Football / Sports

NFL treats players like 'livestock,' Richard Dent says

Chicago Bears Hall of Fame defensive end Richard Dent referred to the plight of NFL players as "livestock" when it comes to the league's treatment of its players.

Dent and former Super Bowl XX champion teammates Jim McMahon and Keith Van Horne are part of a class-action lawsuit against the NFL, alleging among other things that the league created a "culture of drug misuse" as players constantly were supplied and encouraged to use narcotics and other painkilling drugs to make sure they could play.

"The reason we are taking a look at this is because of what is happening with the ballplayers now to make it a better league," Dent said Friday. "We want to make someone responsible for the after-care of the players who have built such a dynasty here in the game itself. It's all about those changes basically. It's all about the players as far as the reason I put my name on it."

Dent has long been a proponent of having the NFL provide lifetime health insurance coverage for all of its players.

"Guys now are making money and able to help themselves. Otherwise, it is wrong to have players out there that have problems who haven't even been out of the league 10 years. It just shows you that there should be permanent care. It is a system where everybody is out for themselves."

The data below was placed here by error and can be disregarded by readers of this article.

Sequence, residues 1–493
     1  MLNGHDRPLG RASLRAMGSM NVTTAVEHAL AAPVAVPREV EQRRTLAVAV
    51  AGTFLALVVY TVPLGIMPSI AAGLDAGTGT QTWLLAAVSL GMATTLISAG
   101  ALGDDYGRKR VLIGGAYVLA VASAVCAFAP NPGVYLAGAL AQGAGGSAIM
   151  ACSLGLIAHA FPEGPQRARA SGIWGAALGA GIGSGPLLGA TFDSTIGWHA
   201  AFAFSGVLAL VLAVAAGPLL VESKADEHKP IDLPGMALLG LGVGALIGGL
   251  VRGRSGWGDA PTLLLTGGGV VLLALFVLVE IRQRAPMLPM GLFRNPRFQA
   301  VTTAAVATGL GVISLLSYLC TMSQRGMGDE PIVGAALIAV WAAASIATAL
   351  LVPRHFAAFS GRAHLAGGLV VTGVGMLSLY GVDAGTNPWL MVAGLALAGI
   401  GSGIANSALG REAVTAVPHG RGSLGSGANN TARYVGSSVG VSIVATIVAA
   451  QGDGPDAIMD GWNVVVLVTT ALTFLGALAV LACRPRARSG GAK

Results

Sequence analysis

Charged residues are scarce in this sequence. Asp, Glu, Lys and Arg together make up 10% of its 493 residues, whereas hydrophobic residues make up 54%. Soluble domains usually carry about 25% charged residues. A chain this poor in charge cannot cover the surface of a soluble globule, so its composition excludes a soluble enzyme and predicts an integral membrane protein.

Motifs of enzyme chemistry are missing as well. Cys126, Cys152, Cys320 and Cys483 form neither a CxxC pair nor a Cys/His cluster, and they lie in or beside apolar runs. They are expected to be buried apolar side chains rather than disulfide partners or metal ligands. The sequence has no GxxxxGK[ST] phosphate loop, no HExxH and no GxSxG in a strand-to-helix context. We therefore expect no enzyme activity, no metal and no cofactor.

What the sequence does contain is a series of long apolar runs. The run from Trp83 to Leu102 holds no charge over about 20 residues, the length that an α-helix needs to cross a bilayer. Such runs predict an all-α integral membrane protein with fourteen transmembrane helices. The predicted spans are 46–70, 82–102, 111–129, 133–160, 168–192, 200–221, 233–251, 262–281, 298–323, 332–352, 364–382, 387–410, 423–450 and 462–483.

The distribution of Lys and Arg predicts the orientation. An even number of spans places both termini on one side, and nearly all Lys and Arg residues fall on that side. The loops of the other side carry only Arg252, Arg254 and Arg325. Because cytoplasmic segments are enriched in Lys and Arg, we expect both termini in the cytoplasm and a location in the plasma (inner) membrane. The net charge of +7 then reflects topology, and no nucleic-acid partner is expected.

Dent, who once was falsely accused by the Bears of being involved with cocaine early in his career, managed to overcome that stigma and accusation as an eighth-round draft pick out of Tennessee State to become a Hall of Fame player. But he is more concerned about changing the culture in the NFL today.

"That's my reasons for wanting to get involved. It's not about me," he said. "It is (about) what I experienced and what I went through. ... I don't know what's happening now, but I think there should be some accountability for what is already out here and what is to come."

Dent says he sees a system that exploits its players for the almighty dollar. He does not want to see short-term solutions to force players to play through injuries that may have adverse life-long side effects.

"Otherwise, we're like livestock. You know, some of us make it, some of us don't," Dent said. "Everyone knows about the wear and tear on the body and the possibility of going out and getting paralyzed. I can have a great game (as a player), but I am not there (later in life) to take advantage of the game. So what the hell is that worth? Now it's time to start doing something about it."

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